Lessons and challenges in major hazards leadership: a personal perspective
18 July 2019
Jo Nettleton is Deputy Director and Head of Radioactive Substances and Installations Regulation at the UK Environment Agency. In this article, based on her presentation at the Hazardex 2019 Conference, she looks at some of the high hazard incidents that have occurred during her wide-ranging career and reflects on the importance of leadership and collaboration in preventing these incidents. Jo also considers some of the main challenges for the future.
Over the past 30 years, I have been lucky to have had a varied career as a medical physicist and regulator across many sectors (including industrial, public services, biological agents, nuclear, chemical and energy sectors). However, throughout that time, I have dealt with the aftermath of many major accidents across all those sectors – that have resulted in catastrophic impacts for individuals, communities and the environment, sometimes on a global scale.
As I reflect back, I am struck by the depressingly similar learning that arose from incidents across very different sectors and I question how well we are all taking on board those lessons – particularly those around leadership and collaboration. We face some very significant challenges in coming months and years, such as the need for clean energy, to improve the air we breathe and perhaps most significant of all – to mitigate and adapt to a changing climate. I believe it is vital that key players build on our collective efforts, or we will not be ready for those challenges.
The list of major accidents and the range of industries and services affected by those would of course fill many pages; examples include the Barrow Legionnaires’ Disease outbreak, Stockline explosion, Windscale fire, Piper Alpha, Chernobyl, Marley Farm fireworks explosion and fire, Chevron refinery explosion, Zaragosa radiotherapy overexposures… the list goes on! In preparing this article, I have considered four seemingly very different accidents as examples; the Devon and Exeter radiotherapy incident in 1988, the Pirbright Foot and Mouth virus release in 2007, Buncefield explosion and fire in 2005 and the Fukushima Daiichi Nuclear Power Plant explosion and fire following the Tsunami in Japan in 2011.
The Devon and Exeter Hospital radiotherapy incident happened at the very start of my career in 1988 and involved the repeated incorrect calibration of a cobalt teletherapy unit, used to treat cancer. It resulted in around 200 patients being given large overexposures to high energy gamma radiation. Looking back at the investigation findings – now more than 30 years ago, I am struck by two things; the first is that the investigation focused on the technical aspects, rather than looking for wider lessons around leadership and culture. The recognition of the importance of these in managing major hazard risks has certainly increased over the intervening period. However, the report did highlight the need for improved collaboration across the UK (and wider) medical physics community to ensure robust and consistent standards when calibrating such potentially lethal radiotherapy machines. Sadly, the learning was not sufficiently embedded to prevent further similar events – Zaragosa (Spain) in 1990 and Stoke in 1993 being further examples.
The Pirbright Foot and Mouth Disease (FMD) virus release in 2007 took place at the Institute for Animal Health in Surrey – a government-funded, world recognised centre of excellence in research. Whilst FMD is an animal pathogen and does not affect humans, the impacts of the accidental release of the virus from the lab into the local environment were devastating on the local farming community and have been estimated to have cost the UK around £150 million. The Health and Safety Executive-led investigation found a shocking catalogue of errors – many of which may have arisen out of the complacency due to FMD being an animal rather than human pathogen. These included site-specific issues around biosecurity, equipment maintenance, etc. – but also highlighted issues around leadership, both at the site and across the whole sector.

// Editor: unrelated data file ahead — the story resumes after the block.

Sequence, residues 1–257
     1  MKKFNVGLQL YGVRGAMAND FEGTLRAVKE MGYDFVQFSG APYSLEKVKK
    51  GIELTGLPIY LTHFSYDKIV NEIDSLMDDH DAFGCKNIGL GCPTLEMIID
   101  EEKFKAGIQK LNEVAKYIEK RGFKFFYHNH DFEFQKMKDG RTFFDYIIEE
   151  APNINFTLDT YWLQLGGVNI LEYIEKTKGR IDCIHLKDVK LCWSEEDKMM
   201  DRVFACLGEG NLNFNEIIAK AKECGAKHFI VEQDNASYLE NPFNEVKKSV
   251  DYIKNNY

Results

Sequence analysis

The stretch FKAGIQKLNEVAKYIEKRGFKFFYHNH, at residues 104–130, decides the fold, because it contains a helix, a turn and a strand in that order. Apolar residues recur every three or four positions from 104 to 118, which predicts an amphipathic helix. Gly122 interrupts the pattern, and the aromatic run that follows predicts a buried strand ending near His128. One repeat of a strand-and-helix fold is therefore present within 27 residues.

In fact, the biological agents community struggled to recognise that it was a major hazards sector – working with human and animal pathogens that if released from the lab could cause multiple deaths, environmental damage and financial consequences. The incident and investigation also highlighted the need for much greater leadership and collaboration – to identify and find solutions to sector wide issues that threatened continued control and containment.
The Buncefield and Fukushima Daiichi events have been the subject of volumes and I doubt there can be any member of the major hazards community who is not familiar with the vapour cloud explosion at the Hemel Hempstead fuel depot or the Japanese nuclear power plant explosions.
Buncefield injured 40 people (it could have been so much worse), resulted in a fire lasting 5 days, the prosecution of 5 companies by HSE and EA and is estimated to have cost the UK around £1billion. As well as technical and equipment failures, the investigations found multiple problems associated with leadership in managing the hazards at Buncefield. The industry-wide lessons were taken forward by the Buncefield Standards Task Group and subsequently, the Process Safety Leadership Group, focusing on the need to demonstrate effective leadership and the need to share and learn across the sector.
The Fukushima explosions resulted from the failure of electrical supply to reactor cooling systems, when the earthquake knocked out the off-site supply and the ensuing tsunami wave submerged the on-site back-up supply. The explosions led to widespread radioactive contamination and the decision was made to evacuate more than 100,000 people from a 20km radius. The impacts are still being felt. Whilst there have been very few (single figures) radiation casualties recorded to date, many deaths and injuries occurred due to the decision to evacuate so many people, massive amounts of radioactive waste were generated (still awaiting treatment and disposal), whole communities were displaced, and the impacts (mainly economic) have been felt around the world. To date costs are estimated at around £150 billion. Lessons have been learned at a global level, including the key role of well-informed leaders and the need for shared learning.
A common thread through all this learning – achieved at such massive cost, is the absolutely vital need for leadership and collaboration across the major hazards community – in its widest sense; within sectors, across industry, with government, regulators, NGOs and the public.